Crane v. Rodriguez et al

Filing 158

ORDER signed by Magistrate Judge Kendall J. Newman on 10/18/2017 DENYING 118 Motion to Compel; DENYING 134 Request for Subpoena; ORDERING Plaintiff to show cause, within 21 days from the date of this order, why he should not be required to pay defendants' $1750.00 reasonable attorney's fees; and ORDERING Clerk of Court to strike 125 Plaintiff's reply to Defendant Weeks' response. (Henshaw, R)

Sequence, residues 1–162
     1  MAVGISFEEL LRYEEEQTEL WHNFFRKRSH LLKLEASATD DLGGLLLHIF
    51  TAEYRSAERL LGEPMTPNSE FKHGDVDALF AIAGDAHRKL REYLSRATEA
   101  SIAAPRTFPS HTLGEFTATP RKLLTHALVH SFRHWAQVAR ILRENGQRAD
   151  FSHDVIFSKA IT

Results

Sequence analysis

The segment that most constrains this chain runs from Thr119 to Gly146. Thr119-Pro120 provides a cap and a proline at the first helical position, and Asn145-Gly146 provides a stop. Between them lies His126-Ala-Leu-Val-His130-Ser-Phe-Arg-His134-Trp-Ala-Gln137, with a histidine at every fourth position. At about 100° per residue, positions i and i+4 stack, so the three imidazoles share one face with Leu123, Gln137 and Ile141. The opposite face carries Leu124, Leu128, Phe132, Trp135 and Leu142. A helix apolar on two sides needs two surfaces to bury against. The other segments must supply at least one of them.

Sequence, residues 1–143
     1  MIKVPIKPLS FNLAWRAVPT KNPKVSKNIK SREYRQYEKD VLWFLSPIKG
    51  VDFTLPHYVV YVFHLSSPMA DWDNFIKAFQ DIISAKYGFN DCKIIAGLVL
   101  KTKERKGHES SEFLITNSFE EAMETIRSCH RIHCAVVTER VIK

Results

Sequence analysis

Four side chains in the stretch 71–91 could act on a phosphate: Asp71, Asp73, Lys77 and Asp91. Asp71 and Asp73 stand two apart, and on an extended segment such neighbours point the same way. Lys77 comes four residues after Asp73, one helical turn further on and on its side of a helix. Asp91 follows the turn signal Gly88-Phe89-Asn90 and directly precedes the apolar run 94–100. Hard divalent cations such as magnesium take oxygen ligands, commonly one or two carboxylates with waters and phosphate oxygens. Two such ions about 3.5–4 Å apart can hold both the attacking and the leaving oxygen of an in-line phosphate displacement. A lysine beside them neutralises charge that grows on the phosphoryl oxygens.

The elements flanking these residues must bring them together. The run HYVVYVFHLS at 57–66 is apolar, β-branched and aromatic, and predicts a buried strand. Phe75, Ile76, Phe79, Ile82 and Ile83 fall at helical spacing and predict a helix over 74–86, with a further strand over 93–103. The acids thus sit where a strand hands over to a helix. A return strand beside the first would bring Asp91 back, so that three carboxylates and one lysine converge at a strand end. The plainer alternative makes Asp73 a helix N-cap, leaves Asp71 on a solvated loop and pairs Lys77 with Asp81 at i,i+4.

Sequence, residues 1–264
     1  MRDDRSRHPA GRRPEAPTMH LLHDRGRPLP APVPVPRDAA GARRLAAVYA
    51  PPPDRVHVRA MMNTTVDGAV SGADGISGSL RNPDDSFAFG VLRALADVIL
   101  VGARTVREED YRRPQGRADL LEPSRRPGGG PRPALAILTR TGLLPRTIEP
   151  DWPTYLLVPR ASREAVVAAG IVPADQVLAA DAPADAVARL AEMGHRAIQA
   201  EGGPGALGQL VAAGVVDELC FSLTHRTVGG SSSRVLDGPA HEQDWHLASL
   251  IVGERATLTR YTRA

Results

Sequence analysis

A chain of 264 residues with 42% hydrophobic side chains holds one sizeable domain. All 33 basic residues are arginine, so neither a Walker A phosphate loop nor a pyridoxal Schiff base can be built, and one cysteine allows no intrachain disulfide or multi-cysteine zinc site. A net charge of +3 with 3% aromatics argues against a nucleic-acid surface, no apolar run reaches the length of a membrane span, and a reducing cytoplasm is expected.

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1 2 3 4 5 6 7 8 UNITED STATES DISTRICT COURT 9 FOR THE EASTERN DISTRICT OF CALIFORNIA 10 11 RICHARD JOSEPH CRANE, 12 13 14 No. 2:15-cv-0208 TLN KJN P Plaintiff, v. ORDER RODRIGUEZ, et al., 15 Defendants. 16 17 I. Introduction 18 Plaintiff is a state prisoner, proceeding pro se. His in forma pauperis status was revoked. 19 (ECF No. 50.) This action proceeds on plaintiff’s second amended complaint against defendants 20 Davey, Rodriguez, Robinette, Weeks, Barton, and Probst. (ECF No. 16.) Discovery unrelated to 21 exhaustion has been stayed; discovery related to exhaustion closed on March 23, 2017. (ECF 22 Nos. 82; 104.) Pending before the court is plaintiff’s motion to compel discovery from all 23 defendants except Weeks, and plaintiff’s motion for a subpoena. As set forth below, plaintiff’s 24 motions are denied. 25 II. Motion to Compel 26 A. The Parties’ Positions 27 On March 20, 2017, plaintiff filed a motion to compel further responses to his two 28 requests for production of documents dated January 9 and 17, 2017. Plaintiff seeks documents 1 relevant to establish that both his CDCR 602 regarding the February 5, 2010 assault by inmate 2 Washington, which he claims was staged by defendants, was screened out, and that the CDCR 3 602 staff complaint was rejected.1 Plaintiff also seeks documents which the Office of the 4 Inspector General used to determine the “Staff Complaint Process is Broken,” during their 2015 5 special review of High Desert State Prison (“HDSP”). Plaintiff contends this report is essential to 6 prove the staff complaint process was broken. Plaintiff asks for sanctions based on defendant 7 Weeks’ motion to compel which was later withdrawn.2 Plaintiff asks the court to dismiss 8 defendants’ motion for summary judgment3 as a discovery sanction. Plaintiff contends, inter alia, 9 that defendants’ objections are improper because they are based on state law, and claims that their 10 overbreadth objection is without merit because the documents sought are relevant to his claims 11 raised herein. Defendants Davey, Rodriguez, Robinette, Barton, and Probst (hereafter “defendants”) argue 12 13 that the motion to compel should be denied because they have produced all responsive documents 14 in their possession and control; plaintiff failed to meet and confer in good faith because his 15 motion was filed eight days after his purported meet and confer letter was mailed. Defendants 16 argue plaintiff’s motions for sanctions are baseless and should be denied, and seek their 17 reasonable expenses in the amount of $1750.00 incurred in opposing this motion. 18 In reply, plaintiff contends that he was required to file his motion to compel before the 19 discovery deadline because the court’s last order stated the court was not inclined to grant any 20 further extensions of time. Plaintiff then discusses discovery requests and alleges nondisclosure 21 of discovery concerning issues not raised in the instant motion to compel. Plaintiff argues that the 22 1 24 Plaintiff clarifies that he is not seeking documents relevant to the January 16, 2013 stabbing in the GED class because he concedes no 602 appeal was filed concerning such incident. (ECF No. 118 at 3.) 25 2 23 26 27 28 On May 9, 2017, plaintiff’s motion for sanctions against defendant Weeks was denied. (ECF No. 131.) 3 On May 9, 2017, defendants’ motion for summary judgment (ECF No. 84) was vacated without prejudice. (ECF No. 131.) Although defendant Weeks did not file the May 9, 2017 motion, he joined the motion on December 12, 2016. (ECF No. 86.) 2 1 alleged nondisclosure suggests that defendants cannot be relied on to produce documents, or that 2 their claim of lack of documents cannot be relied upon. (ECF No. 133 at 2.) 3 Because plaintiff raised new claims in his reply, defendants were granted leave to file a 4 sur-reply. (ECF No. 137.) Defendants contend that they produced documents demonstrating that 5 plaintiff exhausted his claims arising from the alleged January 22, 2011 assault, and have never 6 claimed that plaintiff failed to exhaust such claims. (ECF No. 141 at 2.) Further, defendants 7 argue that they did not fail to produce documents responsive to the March 1, 2013 assault because 8 rejection was not responsive to plaintiff’s request, and defendants withdrew their motion for 9 summary judgment on claims arising from the 2013 incident because plaintiff provided evidence 10 excusing his failure to exhaust. (ECF No. 141 at 3.) Finally, regarding plaintiff’s request for 11 documents underlying the OIG’s 2015 Special Review at HDSP, defendants point out that on 12 May 1, 2017, plaintiff provided a copy of a December 2, 2016 letter he received from the OIG 13 explaining that the OIG could not produce the documents requested by plaintiff. (ECF No. 129 at 14 27.) Defendants argue that the OIG’s letter demonstrates that plaintiff was aware, even before he 15 filed the instant motion to compel, that defendants would be unable to obtain the requested 16 documents from the OIG. Further, the letter also buttresses defendants’ request for costs in 17 opposing plaintiff’s motion, and raises an inference that plaintiff proceeded with the instant 18 motion in bad faith. (ECF No. 141 at 4.) 19 On June 15, 2017, plaintiff filed a document entitled “Plaintiff’s Supplemental to Motion 20 to Compel.” (ECF No. 142.) Plaintiff discusses documents possibly contained in habeas 21 petitions filed in state court. (Id.) 22 B. Applicable Legal Standards 23 Under Rule 26 of the Federal Rules of Civil Procedure, [p]arties may obtain discovery 24 regarding any non-privileged matter that is relevant to any party’s claim or defense. Fed. R. Civ. 25 P. 26(b). “Relevant information need not be admissible at trial if the discovery appears 26 reasonably calculated to lead to the discovery of admissible evidence.” Id. 27 28 With respect to requests for production, a party may propound requests for production of documents that are within the scope of Federal Rule of Civil Procedure 26(b). Fed. R. Civ. P. 3 1 34(a). A party objecting to a request for production must state the reasons for the objection. Fed. 2 R. Civ. P. 33(b)(2)(B). 3 Under Rule 37 of the Federal Rules of Civil Procedure, “a party seeking discovery may 4 move for an order compelling an answer, designation, production, or inspection.” Fed. R. Civ. P. 5 37(a)(3) (B). The court may order a party to provide further responses to an “evasive or 6 incomplete disclosure, answer, or response.” Fed. R. Civ. P. 37(a)(4). “District courts have 7 ‘broad discretion to manage discovery and to control the course of litigation under Federal Rule 8 of Civil Procedure 16.’” Hunt v. County of Orange, 672 F.3d 606, 616 (9th Cir. 2012) (quoting 9 Avila v. Willits Envtl. Remediation Trust, 633 F.3d 828, 833 (9th Cir. 2011)). 10 C. Discussion 11 Initially, the court recognizes that plaintiff’s motion to compel was prematurely filed. 12 Although the parties were not required to comply with Local Rule 251 in dealing with discovery 13 disputes, they were still required to comply with Federal Rule of Civil Procedure 37, which 14 requires a good faith effort to confer prior to seeking court intervention. However, because 15 plaintiff was concerned that the court may not grant another extension of the discovery deadline, 16 the undersigned reviews the motion. 17 Plaintiff provides copies of the requests for production of documents (“RFP”) and 18 defendants’ responses thereto. What plaintiff does not do is specifically identify which responses 19 he challenges. (ECF No. 118.) Despite initially claiming he seeks an order compelling discovery 20 of the documents requested in both RFP’s (ECF No. 118 at 3), he then narrows his motion by 21 omitting the 2013 incident, and claims he solely seeks the rejections or screening-out of his 22 appeal regarding the February 5, 2010 incident, as well as documents supporting the OIG report. 23 (ECF No. 118 at 3-4, 5.) But he does not direct attention to the particular responses he challenges 24 in the first RFP. Such omission is not problematic in addressing the second RFP because the 25 second RFP is only three pages long, addressing two requests, both of which are focused on the 26 Office of Inspector General (“OIG”) 2015 special review of HDSP. (ECF No. 118 at 140-43.) 27 He does mention “request no. 1” of the second RFP (ECF No. 118 at 4), but it is not clear his 28 motion is limited to request no. 1. 4 1 On the other hand, plaintiff’s first RFP is 16 pages long, addresses 15 requests for 2 production of documents, and is accompanied by 140 pages of exhibits. The requests seek all 3 manner of documents, including some not relevant to the exhaustion of administrative remedies. 4 (ECF No. 118 at 79-94; 96-136.) This court is not required to ferret through the entire first RFP 5 to determine which specific response plaintiff challenges. Plaintiff’s motion for further responses 6 to his first RFP is denied on that basis. 7 But to the extent he seeks documents relevant to establish that both his CDCR 602 8 regarding the February 5, 2010 assault by inmate Washington, which he claims was staged by 9 defendants, was screened out, and that the CDCR 602 staff complaint was rejected, the court 10 notes that despite their objections, defendants provided plaintiff with Appeal Nos. HDSP-B-11- 11 00234 (regarding alleged January 22, 2011 in-cell assault); 1022923 (staff complaint) (ECF No. 12 118 at 87, 100-30; 131); and HDSP-B-10-00278 (regarding alleged February 5, 2010 incident) 13 (ECF Nos. 118 at 132-36; 121-1 at 2-3.)). Moreover, defendants’ lawyer recounts his myriad 14 efforts undertaken to locate possible federal and state court records to find documents vaguely 15 identified by plaintiff. (ECF No. 121-1 at 1-3.) 16 Plaintiff is advised that this court cannot order a defendant to produce documents that do 17 not exist or are not in the defendant’s possession or control. See Fed. R. Civ. P. 34(a) (1); see 18 also United States v. Int’l Union of Petroleum & Indus. Workers, 870 F.2d 1450, 1452 (9th Cir. 19 1989) (a party seeking production of documents bears the burden of showing the opposing party 20 has control over them). In addition, this court will not order defendants to produce documents 21 that are equally accessible to plaintiff in his central file. See, e.g., Quezada v. Lindsey, 2014 WL 22 5500800 at *3 (E.D. Cal. Oct. 30, 2014) (“Since any ordinances and laws governing health and 23 safety are public documents, which are equally available to Plaintiff, Defendants cannot be 24 compelled to produce them.”); Ford v. Wildey, 2014 WL 4354600 at * 4 (E.D. Cal. Sept. 2, 2014) 25 (“Defendant indicates that any such documents are located in his central file for which Plaintiff 26 has equal access. This response complies with Rule 34 of the Federal Rules of Civil 27 Procedure.”); Valenzuela v. Smith, 2006 WL 403842 at *2 (E.D. Cal. Feb. 16, 2006) (defendants 28 will not be compelled to produce documents that are “equally available to plaintiff in his prison 5 1 medical file or in the prison law library.”). 2 Here, plaintiff continues to seek documents allegedly appended to state habeas petitions 3 he filed in state court. Such documents are not within defendants’ possession, custody or control, 4 and defendants are not required to scour court records, ad nauseum, until some document comes 5 to light. Plaintiff argues that the burden of production for the failure to exhaust administrative 6 remedies is on defendants and that their failure to provide documents reflecting that a particular 7 appeal was rejected or screened out would preclude prisoners from bringing any federal lawsuits. 8 Plaintiff appears to contend that his copies of these critical documents were confiscated from his 9 cell and not returned. 10 However, such arguments are not pertinent to the pending motion to compel, but rather 11 pertain to the issue of exhaustion of administrative remedies.4 While plaintiff is correct that 12 defendants have the burden to demonstrate plaintiff failed to exhaust his administrative remedies, 13 plaintiff has the burden to demonstrate that he should be excused from such requirement: 14 Failure to exhaust is “an affirmative defense the defendant must plead and prove.” Jones 15 v. Bock, 549 U.S. 199, 204, 216 (2007). In Albino, the Ninth Circuit agreed with the underlying 16 //// 17 18 4 19 20 21 22 23 24 25 26 27 28 The Prison Litigation Reform Act (“PLRA”) provides that “[n]o action shall be brought with respect to prison conditions under section 1983 . . . , or any other Federal law, by a prisoner confined in any jail, prison, or other correctional facility until such administrative remedies as are available are exhausted.” 42 U.S.C. § 1997e(a). “[T]he PLRA’s exhaustion requirement applies to all inmate suits about prison life, whether they involve general circumstances or particular episodes, and whether they allege excessive force or some other wrong.” Porter v. Nussle, 534 U.S. 516, 532 (2002). Proper exhaustion of available remedies is mandatory, Booth v. Churner, 532 U.S. 731, 741 (2001), and “[p]roper exhaustion demands compliance with an agency’s deadlines and other critical procedural rules[.]” Woodford, 548 U.S. at 90. The Supreme Court has also cautioned against reading futility or other exceptions into the statutory exhaustion requirement. See Booth, 532 U.S. at 741 n.6. Moreover, because proper exhaustion is necessary, a prisoner cannot satisfy the PLRA exhaustion requirement by filing an untimely or otherwise procedurally defective administrative grievance or appeal. See Woodford, 548 U.S. at 90-93. “[T]o properly exhaust administrative remedies prisoners ‘must complete the administrative review process in accordance with the applicable procedural rules,’ [] - rules that are defined not by the PLRA, but by the prison [or jail] grievance process itself.” Jones v. Bock, 549 U.S. 199, 218 (2007) (quoting Woodford, 548 U.S. at 88). 6 1 panel’s decision5 “that the burdens outlined in Hilao [v. Estate of Marcos, 103 F.3d 767, 778 n.5 2 (9th Cir. 1996),] should provide the template for the burdens here.” Albino v. Baca, 747 F.3d 3 1162, 1172 (9th Cir. 2014) (en banc) (hereafter “Albino”). A defendant need only show “that 4 there was an available administrative remedy, and that the prisoner did not exhaust that available 5 remedy.” Albino, 747 F.3d at 1172. Once the defense meets its burden, the burden shifts to the 6 plaintiff to show that the administrative remedies were unavailable. See Albino, 747 F.3d at 7 1172; Draper v. Rosario, 836 F.3d 1072, 1080 (9th Cir. 2016) (inmate did not meet his burden 8 when he failed to identify any actions prison staff took that impeded his ability to exhaust his 9 administrative remedies, or otherwise explain why he failed to comply with the administrative 10 remedies process). In his un-authorized supplemental filing,6 plaintiff continues to argue that the documents 11 12 he needs are appended to one of his habeas petitions filed in state court. Thus, such documents 13 are not in the possession, custody or control of defendants. Moreover, plaintiff’s own filings in 14 state court are equally accessible to plaintiff. Plaintiff’s motion to compel further responses to the 15 request for production of documents, set one, is denied. 16 Turning to the second topic, plaintiff seeks 17 all documents related to the [OIG] 2015 special Review: [HDSP], Susanville, CA, by Robert A. Barton, Inspector General, on the issue of inmate appeals and staff complaints, used by the Inspector General to find that “The inmate appeals system at HDSP is not functioning adequately and the staff complaint process is broken.” 18 19 20 (ECF No. 118 at 141.) Plaintiff also seeks all documents “concerning any of the named 21 5 22 23 See Albino v. Baca, 697 F.3d 1023, 1031 (9th Cir. 2012). The three judge panel noted that “[a] defendant’s burden of establishing an inmate’s failure to exhaust is very low.” Id. at 1031. Relevant evidence includes statutes, regulations, and other official directives that explain the scope of the administrative review process. Id. at 1032. 24 6 25 26 27 28 Plaintiff did not seek leave of court to file a response to defendants’ sur-reply. Liberal construction of pro se pleadings does not excuse pro se litigants from adhering to the rules of procedure. See U.S. v. Merrill, 746 F.2d 458, 465 (9th Cir. 1984). “Pro se litigants must follow the same rules of procedure that govern other litigants.” King v. Atiyeh, 814 F.2d 565, 567 (9th Cir. 1987). Plaintiff is warned that his failure to comply with the rules may result in the imposition of sanctions, including a recommendation that his action be dismissed. Fed. R. Civ. P. 11. 7 1 defendants in this case committing misconduct, excessive force, or criminal offenses at HDSP. 2 (ECF No. 118 at 142.) Defendants objected on the grounds that the requests called for 3 speculation because defendants do not know what documents are related to the OIG’s special 4 review; the request was overbroad and sought documents not relevant herein; and defendants 5 lodged other generic objections in light of defendants’ inability to determine what documents the 6 OIG used in rendering the 2015 special report. (ECF No. 118 at 141-43.) 7 Defendants’ objections are well-taken and sustained. Moreover, the record reflects that on 8 December 2, 2016, Chief Counsel for the Inspector General wrote plaintiff a letter informing him 9 that the California Public Records Act “specifically exempts certain records from disclosure: (f) 10 records of complaints to, or investigations conducted by . . . any other state or local agency for 11 correctional . . . purposes. . . . (k) Records, the disclosure of which is exempted or prohibited 12 pursuant to federal or state law, including but not limited to, provisions of the Evidence Code 13 relating to privilege.” (ECF No. 129 at 27.) Further, investigation materials underlying an OIG 14 report fall within exemption (f), and that “exemption (k) incorporates the ‘official information’ 15 privilege found in Evidence Code, section 1040, which also applies to the OIG’s work.” (ECF 16 No. 129 at 27.) “[C]ertain books, papers, records, and correspondence of the OIG pertaining to 17 its work are not considered ‘public records subject to’ the Public Records Act,” and are not 18 subject to discovery. (ECF No. 129 at 27.) In addition, the OIG is constrained by the privacy 19 rights of the individuals involved, and the confidentiality of the information to which the OIG has 20 access, and the peace officer personnel files are also confidential, producible only by court order 21 under a Pitchess motion. (ECF No. 129 at 27-28.) Finally, plaintiff was informed that it is a 22 misdemeanor for the Inspector General or any OIG employee or former employee “to divulge or 23 make known in any manner not expressly permitted by law to any person not employed by the 24 Inspector General any particulars of any record, document, or information the disclosure of which 25 is restricted by law from release to the public.” (ECF No. 129 at 28.) Counsel advised plaintiff 26 that “we are legally prohibited from producing any of the information you seek.” (Id.”) 27 Thus, this December 2, 2016 letter put plaintiff on notice that any of the records 28 supporting the OIG 2015 special review were not in the possession, custody, or control of 8 1 defendants in this action. Yet, plaintiff included his request for such documents in his motion to 2 compel filed in March of 2017. 3 4 Because plaintiff’s motion to compel seeks documents that are not in the custody, possession or control of defendants, his motion is not well-taken and is denied. 5 D. Request for Expenses 6 The court turns now to defendants’ request for their reasonable expenses, $1,750.00, 7 incurred in responding to plaintiff’s motion. Defendants’ counsel, who charges $175.00 per hour, 8 declares he has conservatively spent ten hours opposing plaintiff’s motion to compel, not 9 including time spent by support staff or his supervisor, and counsel’s efforts included organizing 10 all of the discovery requests and responses between the parties to date; assembling the requests 11 and responses into chronological exhibits (103 pages); drafting his declaration (8 pages) and the 12 memorandum of points and authorities (12 pages). (ECF No. 121-1 at 8.) 13 Plaintiff did not address defendants’ request for expenses. (ECF No. 133.) 14 The Federal Rules of Civil Procedure provide that 15 16 17 18 19 [i]f the motion [to compel] is denied, the court may issue any protective order authorized under Rule 26(c) and must, after giving an opportunity to be heard, require the movant, the attorney filing the motion, or both to pay the party or deponent who opposed the motion its reasonable expenses incurred in opposing the motion, including attorney’s fees. But the court must not order this payment if the motion was substantially justified or other circumstances make an award of expenses unjust. 20 Fed. R. Civ. P. 37(a)(5)(B). Plaintiff’s pro se status does not insulate him from sanctions for 21 failure to respond to discovery. See Sanchez v. Rodriguez, 298 F.R.D. 460, 470 (C.D. Cal. 2014) 22 (pro se status “does not excuse intentional noncompliance with discovery rules.”); Warren v. 23 Guelker, 29 F.3d 1386, 1390 (9th Cir. 1994) (a court cannot decline to impose sanctions simply 24 because a plaintiff is proceeding pro se); Shabazz v. Giurbino, 2016 WL 4992684, at *2 (E.D. 25 Cal. Sept. 19, 2016) (Because plaintiff’s opposition to the motion to compel was not justified, 26 reasonable expenses of attorney’s fees should be assessed against plaintiff.) 27 28 Because plaintiff’s motion to compel was not substantially justified, and he did not address the issue of expenses in his reply, plaintiff shall show cause, within 21 days, why he 9 1 should not be required to pay defendants’ reasonable attorney’s fees in the amount of $1,750.00. 2 Plaintiff’s response to the order to show cause shall not exceed five pages. Failure to respond to 3 this order will result in an order granting defendants’ request. 4 E. Defendant Weeks 5 On March 27, 2017, defendant Weeks filed a response to plaintiff’s motion to compel. 6 (ECF No. 119.) Defendant Weeks’ filing was not required because plaintiff did not seek to 7 compel further discovery responses from defendant Weeks, but rather the remaining defendants. 8 However, in his motion to compel, plaintiff used the term “defendants,” requiring defendant 9 Weeks to file a statement of no position on the motion. 10 Predictably, yet despite plaintiff’s motion to compel not addressing any discovery 11 responses by defendant Weeks, plaintiff filed a reply to defendant Weeks’ response. (ECF No. 12 125.) Rather than concede that plaintiff did not seek further discovery responses from defendant 13 Weeks, plaintiff continues his attack on the earlier motion to compel filed by defendant Weeks, 14 despite Weeks’ formal withdrawal of such motion, argues the merits of plaintiff’s claims, 15 referring to another correctional officer who is not a party herein, and then seeks $1,000.00 in 16 sanctions from defendant Weeks for filing his motion to compel. As set forth above, plaintiff’s 17 motion for sanctions against defendant Weeks for filing the motion to compel was subsequently 18 denied. But plaintiff’s filing in response to the instant motion to compel was inappropriate, 19 impertinent, and is stricken from the record.7 20 7 21 22 23 24 25 26 27 28 District courts enjoy an inherent power to manage and control their own dockets. See, e.g., Landis v. N. Am. Co., 299 U.S. 248, 254 (1936) (affirming “the power inherent in every court to control the disposition of the causes on its docket with economy of time and effort for itself, for counsel, and for litigants”). Such inherent power includes the authority to sanction procedural impropriety in an appropriate manner. See, e.g., Chambers v. NASCO, Inc., 501 U.S. 32, 44-45 (1991) (noting that “[a] primary aspect” of the courts’ inherent power “is the ability to fashion an appropriate sanction for conduct which abuses the judicial process;” holding that because “outright dismissal of a lawsuit . . . is within the court’s discretion,” in consequence less severe sanctions are “undoubtedly within a court’s inherent power as well”); Atchison, T. & S.F. Ry. v. Hercules Inc., 146 F.3d 1071, 1074 (9th Cir. 1998) (“well established that district courts have inherent power to control their dockets and may impose sanctions, including dismissal, in the exercise of that discretion”) (citations, internal quotation marks omitted); see also Lamos v. Astrue, 2008 U.S. App. LEXIS 9143 (9th Cir. 2008) (unpublished disposition) (affirming inherent power of the courts to strike documents other than pleadings from the docket); 10 1 III. Subpoena 2 On May 30, 2017, plaintiff filed a request that the court issue a subpoena duces tecum to 3 Robert A. Barton, Inspector General of California. (ECF No. 134.) Plaintiff seeks “[d]ocuments 4 from December 2015 Special review of High Desert State Prison used to determine that the staff 5 complaint process was broken and the finding related to this determination, “and appended a copy 6 of OIG Chief Counsel’s December 2, 2016 letter discussed above. (Id.) It appears from 7 plaintiff’s arguments in connection with his motion to compel that he believes the subpoenaed 8 material is necessary to demonstrate that the administrative appeal process at HDSP is broken, 9 rendering such administrative remedies unavailable to plaintiff. A district court has “wide latitude in controlling discovery,” and decisions governing 10 11 discovery are “highly fact-intensive.” In re Anonymous Online Speakers, 661 F.3d 1168, 1176 12 (9th Cir. 2011) (quoting White v. City of San Diego, 605 F.2d 455, 461 (9th Cir. 1979)). The 13 Ninth Circuit has noted that judges may conduct evidentiary hearings in order to determine 14 whether a claim has been exhausted prior to bringing suit as required by the Prison Litigation 15 Reform Act (PLRA), codified at 42 U.S.C. § 1997e(a). Albino, 747 F.3d at 1170. The Ninth 16 Circuit has also recognized that in doing so, “[i]f discovery is appropriate, the district court may 17 in its discretion limit discovery to evidence concerning exhaustion, leaving until later -- if it 18 becomes necessary -- discovery directed to the merits of the suit.” Id. For example, a court may 19 limit discovery if it determines that “the discovery is: (1) unreasonably cumulative or 20 duplicative; (2) obtainable from another source that is more convenient, less burdensome, or less 21 expensive; or (3) the burden or expense of the proposed discovery outweighs its likely benefit.” 22 Mailhoit v. Home Depot U.S.A., Inc., 285 F.R.D. 566, 571 (C.D. Cal. 2012) (quoting Favale v. 23 Roman Catholic Diocese of Bridgeport, 235 F.R.D. 553, 558 (D. Conn. 2006)). In addition, 24 courts have a duty to ensure that any Rule 45 subpoena would not impose an undue burden or 25 expense on a third party. Fed. R. Civ. P. 45(d)(1). 26 //// 27 28 Centillium Communs., Inc. v. Atl. Mut. Ins. Co., 2008 U.S. Dist. LEXIS 20719 (D. Cal. 2008) (striking a procedurally improper motion pursuant to the court’s inherent power). 11 1 Here, plaintiff has the 2015 special report; indeed, he appended it to his motion to compel. 2 (ECF No. 118 at 10-77.) What plaintiff seeks is the underlying investigative information on 3 which the report is based. However, such information is, at best, tangential, and broad discovery 4 of such information for the purpose of proving there are deficiencies in HDSP’s inmate appeal 5 process is not supportable.8 Fed. R. Evid. 401; Fed. R. Civ. P. 26(b)(1); Fed. R. Civ. P. 45; 6 Albino, 747 F.3d at 1170-71. An agency report containing findings regarding problems with the 7 appeal process at HDSP is relevant to plaintiff’s position that administrative remedies were 8 unavailable. However, the investigative data underlying the report is too attenuated given that 9 any order addressing the exhaustion of such remedies will not extend to general deficiencies in 10 HDSP’s appeal process. The report notes the OIG examined 11 applicable laws, policies, and procedures; revisited past reports and media accounts; interviewed staff and inmates formerly assigned to HDSP; reviewed complaints filed by former HDSP staff and deposition testimony from the Jones v. Cate litigation; reviewed inmate appeals, disciplinary actions, confidential inmate files, and complaints against staff; reviewed misconduct allegation inquiry reports, internal affairs investigation reports, and death review reports; and actively monitored 20 misconduct investigations involving HDSP staff. 12 13 14 15 16 (ECF No. 118 at 14.)9 In addition, as to inmate appeals, OIG staff reviewed “dozens of 17 complaints, filed by both inmates and staff, related to the processing of inmate appeals,” 18 including allegations that “appeals were being destroyed or discarded,” “appeals were being read 19 by officers,” “staff complaints were never addressed,” and “appeals were being shredded by 20 Appeals Office staff.” (ECF No. 118 at 42.) Almost none of this information would be 21 potentially relevant to the narrow issues of fact to be decided concerning plaintiff’s administrative 22 appeals, particularly in connection with claims that an appeal was improperly cancelled or 23 24 25 26 27 28 8 See Sanchez v. City of Santa Ana, 936 F.3d 1027, 1033-34 (9th Cir. 1990) (recognizing qualified privilege for official information under federal common law); Rogers v. Giurbino, 288 F.R.D. 469, 481 (S.D. Cal. 2012) (describing balancing test for material subject to official information privilege). 9 Calif. Office of Inspector General, 2015 Special Review: High Desert State Prison, Susanville, CA (2015), available at Review_-_High_ Desert_ State_ Prison. 12 1 rejected. The burden and expense of ordering this discovery sought by plaintiff outweighs any 2 likely benefit. Thus, plaintiff’s request for the subpoena is denied. 3 IT IS HEREBY ORDERED that: 4 1. Plaintiff’s motion to compel (ECF No. 118) is denied; 5 2. Within 21 days from the date of this order, plaintiff shall show cause why he should 6 not be required to pay defendants’ $1750.00 reasonable attorney’s fees in opposing plaintiff’s 7 motion to compel; plaintiff’s response to the order to show cause shall not exceed five pages in 8 length; 9 10 11 12 3. The Clerk of the Court shall strike plaintiff’s reply to defendant Weeks’ response (ECF No. 125); and 4. Plaintiff’s request for subpoena (ECF No. 134) is denied. Dated: October 18, 2017 13 14 /cran0208.mtc 15 16 17 18 19 20 21 22 23 24 25 26 27 28 13